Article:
Orthodontic brackets: type unlikely to affect oral hygiene


The presence of orthodontic brackets can have a negative impact on oral hygiene. Conventional brackets (CB) are considered to be bulkier and more prone to bacterial aggregation than self-ligating brackets (SLB).

The aim of this review was to compare the impact of SLBs and CBs on pain and oral hygiene.


Searches were conducted in the Medline, Embase, Cochrane Central Register of Controlled Trials, World Health Organization International Clinical Trials Registry Platform, Chinese BioMedical Literature Database and the China National Knowledge Infrastructure databases. Randomised controlled trials (RCTs) of patients undergoing orthodontic treatment with CB or SLB were considered. Outcomes included discomfort evaluated using a visual analogue scale and oral hygiene evaluated using plaque indices of bacterial colonisation.

Two reviewers independently selected studies and assessed risk of bias using the Cochrane tool. Where data could be pooled continuous data was presented as mean difference (MD) with 95% confidence interval (CI).


  • 12 studies involving 575 patients were included. 311 were treated with SLBs and 264 with CBs.
  • Sample sizes ranged from 16-30.
  • 2 studies were considered to be at low risk of bias, the other studies were at unclear risk of bias.
  • Discomfort/pain
    • 5 studies reported and meta-analysis (3 studies) showed no significant difference between SLB and CB in discomfort reduction at:-
    • 4 hrs MD = 1.90 (95%CI; -4.08 to 7.87)
    • 24 hrs MD = -5.31 (95%CI; -11.29 to 0.68)
    • 3 days MD = -2.70 (95%CI; -10.15 to 4.76)
    • 7 days MD = -2.99 (95%CI; -6.52 to 0.54)
  • Oral hygiene
    • 9 studies reported on this outcome. 5 reported on plaque scores with a meta-analysis of 4 studies demonstrating no difference MD = -0.04 (95%CI; -0.30 to 0.22). 4 studies reported on Mutans streptococci count claiming that SLB was not superior to CB but they could not be meta-analysed.


The authors concluded:-

Clinical evidences from existing RCTs suggest that SLBs do not outperform CBs in reliving discomfort or promoting oral health in clinic.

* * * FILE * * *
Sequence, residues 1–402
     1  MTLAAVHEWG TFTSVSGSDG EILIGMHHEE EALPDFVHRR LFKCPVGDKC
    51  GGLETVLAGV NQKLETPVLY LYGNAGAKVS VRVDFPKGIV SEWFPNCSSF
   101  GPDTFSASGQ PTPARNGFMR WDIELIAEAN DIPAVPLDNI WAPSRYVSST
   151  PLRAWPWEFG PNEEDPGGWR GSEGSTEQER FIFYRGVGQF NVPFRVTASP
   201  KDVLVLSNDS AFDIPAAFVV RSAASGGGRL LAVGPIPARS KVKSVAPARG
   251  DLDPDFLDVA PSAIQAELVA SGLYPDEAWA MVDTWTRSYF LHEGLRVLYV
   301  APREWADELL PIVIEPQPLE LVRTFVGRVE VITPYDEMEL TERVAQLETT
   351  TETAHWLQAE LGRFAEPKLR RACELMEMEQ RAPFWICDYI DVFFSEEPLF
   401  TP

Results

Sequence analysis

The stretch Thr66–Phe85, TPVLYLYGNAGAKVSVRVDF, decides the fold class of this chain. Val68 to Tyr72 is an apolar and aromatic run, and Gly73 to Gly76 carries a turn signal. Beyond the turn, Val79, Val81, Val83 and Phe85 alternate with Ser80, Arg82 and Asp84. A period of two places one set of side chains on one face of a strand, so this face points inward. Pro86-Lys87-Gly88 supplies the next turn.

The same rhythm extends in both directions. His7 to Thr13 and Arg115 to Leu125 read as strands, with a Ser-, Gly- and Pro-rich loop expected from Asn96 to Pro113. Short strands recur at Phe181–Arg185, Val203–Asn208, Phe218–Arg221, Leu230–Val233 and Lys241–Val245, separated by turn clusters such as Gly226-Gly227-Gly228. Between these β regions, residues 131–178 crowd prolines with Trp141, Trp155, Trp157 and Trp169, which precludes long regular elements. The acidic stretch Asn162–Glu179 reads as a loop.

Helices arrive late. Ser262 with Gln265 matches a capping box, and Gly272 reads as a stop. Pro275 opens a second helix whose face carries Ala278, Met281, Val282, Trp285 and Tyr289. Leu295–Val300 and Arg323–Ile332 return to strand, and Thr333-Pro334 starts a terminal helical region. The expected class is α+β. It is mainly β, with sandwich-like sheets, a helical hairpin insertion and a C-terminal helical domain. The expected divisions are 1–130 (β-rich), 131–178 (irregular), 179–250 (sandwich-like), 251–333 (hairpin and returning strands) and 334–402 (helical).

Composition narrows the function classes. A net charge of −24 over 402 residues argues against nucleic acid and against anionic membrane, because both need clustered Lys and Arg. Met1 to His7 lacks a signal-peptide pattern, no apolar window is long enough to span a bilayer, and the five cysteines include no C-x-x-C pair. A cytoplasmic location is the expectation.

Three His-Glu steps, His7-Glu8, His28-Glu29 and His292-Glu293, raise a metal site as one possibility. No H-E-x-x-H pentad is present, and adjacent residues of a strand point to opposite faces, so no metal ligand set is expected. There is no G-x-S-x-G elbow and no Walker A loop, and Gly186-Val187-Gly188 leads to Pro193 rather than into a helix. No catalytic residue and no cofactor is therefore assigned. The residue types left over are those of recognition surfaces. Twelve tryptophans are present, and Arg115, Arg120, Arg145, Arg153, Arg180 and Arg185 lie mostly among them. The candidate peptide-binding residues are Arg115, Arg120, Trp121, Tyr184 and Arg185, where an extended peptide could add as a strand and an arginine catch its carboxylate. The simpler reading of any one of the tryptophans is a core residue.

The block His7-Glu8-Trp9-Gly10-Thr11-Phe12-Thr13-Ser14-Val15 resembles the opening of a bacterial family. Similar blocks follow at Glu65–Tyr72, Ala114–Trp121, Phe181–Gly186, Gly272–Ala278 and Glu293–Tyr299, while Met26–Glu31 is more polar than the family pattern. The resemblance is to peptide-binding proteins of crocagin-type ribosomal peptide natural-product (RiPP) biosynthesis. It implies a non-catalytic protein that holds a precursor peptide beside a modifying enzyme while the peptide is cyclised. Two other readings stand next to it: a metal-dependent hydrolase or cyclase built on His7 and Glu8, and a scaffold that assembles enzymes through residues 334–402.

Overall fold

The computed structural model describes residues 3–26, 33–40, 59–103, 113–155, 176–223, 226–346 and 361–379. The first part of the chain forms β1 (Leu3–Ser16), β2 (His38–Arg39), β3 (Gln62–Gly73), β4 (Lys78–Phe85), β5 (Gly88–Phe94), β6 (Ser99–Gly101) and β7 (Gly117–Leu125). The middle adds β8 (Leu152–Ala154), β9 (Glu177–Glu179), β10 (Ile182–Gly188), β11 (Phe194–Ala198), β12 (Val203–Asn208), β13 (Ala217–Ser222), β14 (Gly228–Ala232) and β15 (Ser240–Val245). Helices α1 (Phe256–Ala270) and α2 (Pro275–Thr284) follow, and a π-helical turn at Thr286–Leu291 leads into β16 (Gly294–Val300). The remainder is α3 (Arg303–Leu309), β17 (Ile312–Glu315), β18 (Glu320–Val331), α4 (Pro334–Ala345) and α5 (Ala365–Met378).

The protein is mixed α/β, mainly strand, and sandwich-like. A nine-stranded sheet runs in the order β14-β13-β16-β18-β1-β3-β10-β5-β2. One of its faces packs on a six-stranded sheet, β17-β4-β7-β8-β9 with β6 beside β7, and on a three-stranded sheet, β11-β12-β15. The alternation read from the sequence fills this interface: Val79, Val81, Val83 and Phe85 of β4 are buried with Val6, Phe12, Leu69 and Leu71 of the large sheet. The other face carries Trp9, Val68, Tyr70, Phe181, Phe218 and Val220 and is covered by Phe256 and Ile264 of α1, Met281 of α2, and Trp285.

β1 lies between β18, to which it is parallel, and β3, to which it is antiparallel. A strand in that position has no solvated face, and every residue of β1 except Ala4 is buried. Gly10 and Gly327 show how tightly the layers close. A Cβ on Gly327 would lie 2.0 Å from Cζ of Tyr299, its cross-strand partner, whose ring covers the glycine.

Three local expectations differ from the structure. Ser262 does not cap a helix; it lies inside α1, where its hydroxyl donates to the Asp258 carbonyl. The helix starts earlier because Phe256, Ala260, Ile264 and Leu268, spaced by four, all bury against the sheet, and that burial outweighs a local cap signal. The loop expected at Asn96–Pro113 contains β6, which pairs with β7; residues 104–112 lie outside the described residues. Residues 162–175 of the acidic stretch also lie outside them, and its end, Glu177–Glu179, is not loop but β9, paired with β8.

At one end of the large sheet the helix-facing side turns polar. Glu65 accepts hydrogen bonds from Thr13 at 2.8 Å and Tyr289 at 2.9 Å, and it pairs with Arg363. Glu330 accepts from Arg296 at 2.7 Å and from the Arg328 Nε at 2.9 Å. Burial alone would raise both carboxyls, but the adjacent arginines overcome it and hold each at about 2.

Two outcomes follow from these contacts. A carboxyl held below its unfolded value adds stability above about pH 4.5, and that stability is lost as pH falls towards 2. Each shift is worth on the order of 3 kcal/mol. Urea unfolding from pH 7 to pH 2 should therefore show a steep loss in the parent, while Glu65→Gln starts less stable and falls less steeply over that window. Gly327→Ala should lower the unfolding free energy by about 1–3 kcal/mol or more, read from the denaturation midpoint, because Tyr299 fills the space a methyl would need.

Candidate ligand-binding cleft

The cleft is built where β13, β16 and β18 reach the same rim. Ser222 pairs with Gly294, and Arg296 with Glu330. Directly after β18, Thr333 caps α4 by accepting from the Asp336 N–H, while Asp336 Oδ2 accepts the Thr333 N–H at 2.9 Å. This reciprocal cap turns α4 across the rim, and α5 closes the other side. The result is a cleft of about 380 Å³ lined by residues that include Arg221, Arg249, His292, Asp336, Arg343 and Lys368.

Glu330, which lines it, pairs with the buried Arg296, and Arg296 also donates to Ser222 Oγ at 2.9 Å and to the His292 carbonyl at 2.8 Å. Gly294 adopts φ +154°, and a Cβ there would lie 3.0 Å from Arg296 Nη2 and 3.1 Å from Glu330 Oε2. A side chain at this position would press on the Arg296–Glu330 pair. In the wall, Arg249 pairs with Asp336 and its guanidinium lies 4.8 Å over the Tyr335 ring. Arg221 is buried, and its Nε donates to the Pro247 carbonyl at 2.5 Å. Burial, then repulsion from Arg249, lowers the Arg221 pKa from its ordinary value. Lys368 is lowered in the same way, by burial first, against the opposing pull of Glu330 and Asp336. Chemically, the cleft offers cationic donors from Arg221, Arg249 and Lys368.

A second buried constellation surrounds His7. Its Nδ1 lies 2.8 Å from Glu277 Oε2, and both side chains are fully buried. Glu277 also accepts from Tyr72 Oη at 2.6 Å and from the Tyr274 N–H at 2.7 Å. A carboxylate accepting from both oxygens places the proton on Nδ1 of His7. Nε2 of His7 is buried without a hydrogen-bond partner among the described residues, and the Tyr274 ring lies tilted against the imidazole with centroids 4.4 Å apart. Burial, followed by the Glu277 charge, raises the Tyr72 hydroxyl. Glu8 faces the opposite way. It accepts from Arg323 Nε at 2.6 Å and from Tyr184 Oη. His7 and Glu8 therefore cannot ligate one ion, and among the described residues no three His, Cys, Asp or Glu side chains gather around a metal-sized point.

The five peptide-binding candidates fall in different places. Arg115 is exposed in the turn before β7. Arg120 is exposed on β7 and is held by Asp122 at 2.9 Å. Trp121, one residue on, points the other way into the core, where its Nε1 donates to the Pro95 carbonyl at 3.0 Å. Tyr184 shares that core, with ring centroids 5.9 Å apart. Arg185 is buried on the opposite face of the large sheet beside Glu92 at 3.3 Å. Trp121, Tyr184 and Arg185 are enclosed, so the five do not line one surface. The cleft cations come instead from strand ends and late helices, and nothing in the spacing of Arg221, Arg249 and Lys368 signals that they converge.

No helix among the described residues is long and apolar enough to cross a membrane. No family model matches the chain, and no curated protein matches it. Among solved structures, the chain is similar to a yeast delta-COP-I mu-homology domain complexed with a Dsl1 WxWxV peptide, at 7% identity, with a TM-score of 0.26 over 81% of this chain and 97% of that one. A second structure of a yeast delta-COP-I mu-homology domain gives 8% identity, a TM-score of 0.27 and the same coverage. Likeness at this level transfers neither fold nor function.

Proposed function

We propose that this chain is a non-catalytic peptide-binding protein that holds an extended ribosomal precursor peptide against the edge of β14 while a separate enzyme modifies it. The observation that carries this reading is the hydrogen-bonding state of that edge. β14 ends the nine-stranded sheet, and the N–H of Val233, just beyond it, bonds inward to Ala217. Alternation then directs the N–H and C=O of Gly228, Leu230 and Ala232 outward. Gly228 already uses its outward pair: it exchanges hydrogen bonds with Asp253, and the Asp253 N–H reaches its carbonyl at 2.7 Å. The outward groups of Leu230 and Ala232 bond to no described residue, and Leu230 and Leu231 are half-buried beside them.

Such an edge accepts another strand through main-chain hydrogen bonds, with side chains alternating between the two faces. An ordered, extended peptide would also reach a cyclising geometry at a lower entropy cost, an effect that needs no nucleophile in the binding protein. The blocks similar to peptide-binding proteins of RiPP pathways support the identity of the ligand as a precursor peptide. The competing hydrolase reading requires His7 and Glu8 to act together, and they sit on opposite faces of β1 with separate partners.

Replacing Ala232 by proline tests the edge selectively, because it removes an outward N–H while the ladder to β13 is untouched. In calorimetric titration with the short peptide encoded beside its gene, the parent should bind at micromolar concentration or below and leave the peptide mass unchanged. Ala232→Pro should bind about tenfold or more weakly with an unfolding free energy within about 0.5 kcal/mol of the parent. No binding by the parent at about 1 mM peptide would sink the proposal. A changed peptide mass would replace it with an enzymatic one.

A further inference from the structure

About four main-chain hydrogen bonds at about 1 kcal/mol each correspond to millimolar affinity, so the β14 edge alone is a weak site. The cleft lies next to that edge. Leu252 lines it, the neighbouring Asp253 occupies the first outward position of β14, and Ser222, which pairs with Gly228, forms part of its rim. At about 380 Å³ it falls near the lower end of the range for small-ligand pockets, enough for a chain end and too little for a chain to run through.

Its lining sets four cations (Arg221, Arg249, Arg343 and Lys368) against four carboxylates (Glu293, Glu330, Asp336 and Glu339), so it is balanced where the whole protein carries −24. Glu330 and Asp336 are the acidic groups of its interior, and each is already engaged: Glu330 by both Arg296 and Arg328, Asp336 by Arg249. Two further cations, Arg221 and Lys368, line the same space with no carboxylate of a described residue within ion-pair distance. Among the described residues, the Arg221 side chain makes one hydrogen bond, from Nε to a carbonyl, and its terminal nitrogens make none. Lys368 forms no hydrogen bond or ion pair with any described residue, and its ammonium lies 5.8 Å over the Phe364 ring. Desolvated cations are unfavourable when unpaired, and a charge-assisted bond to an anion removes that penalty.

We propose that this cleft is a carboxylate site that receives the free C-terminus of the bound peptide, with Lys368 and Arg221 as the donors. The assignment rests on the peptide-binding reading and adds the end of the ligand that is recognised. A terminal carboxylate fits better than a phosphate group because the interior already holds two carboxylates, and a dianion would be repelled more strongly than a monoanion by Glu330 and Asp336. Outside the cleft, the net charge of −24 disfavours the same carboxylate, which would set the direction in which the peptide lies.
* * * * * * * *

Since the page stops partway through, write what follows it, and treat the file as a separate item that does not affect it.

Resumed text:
The authors have searched a good selection of databases in order to identify relevant studies, only including randomised controlled trials appropriately. However only a small number of small trials were available and the authors highlight heterogeneity due to differences in bracket bands and treatment approaches. Consequently while this review suggests that there are unlikely to be differences between SLBs and CBs in relation to their impact on pain and oral hygiene the findings should be interpreted cautiously as well conducted high quality RCTs could have an impact 0n the findings.


Primary paper

Yang X, Su N, Shi Z, Xiang Z, He Y, Han X, Bai D. Effects of self-ligating brackets on oral hygiene and discomfort: a systematic review and meta-analysis of randomized controlled clinical trials. Int J Dent Hyg. 2016 Apr 20. doi: 10.1111/idh.12220. [Epub ahead of print] Review. PubMed PMID: 27095145.

Other references

Review finds that orthodontic treatment using self-ligated bracket systems take longer than conventional approaches


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Derek Richards

Derek Richards is a specialist in dental public health, Director of the Centre for Evidence-Based Dentistry and Specialist Advisor to the Scottish Dental Clinical Effectiveness Programme (SDCEP) Development Team. A former editor of the Evidence-Based Dentistry Journal and chief blogger for the Dental Elf website until December 2023. Derek has been involved with a wide range of evidence-based initiatives both nationally and internationally since 1994. Derek retired from the NHS in 2019 remaining as a part-time senior lecturer at Dundee Dental School until the end of 2023.

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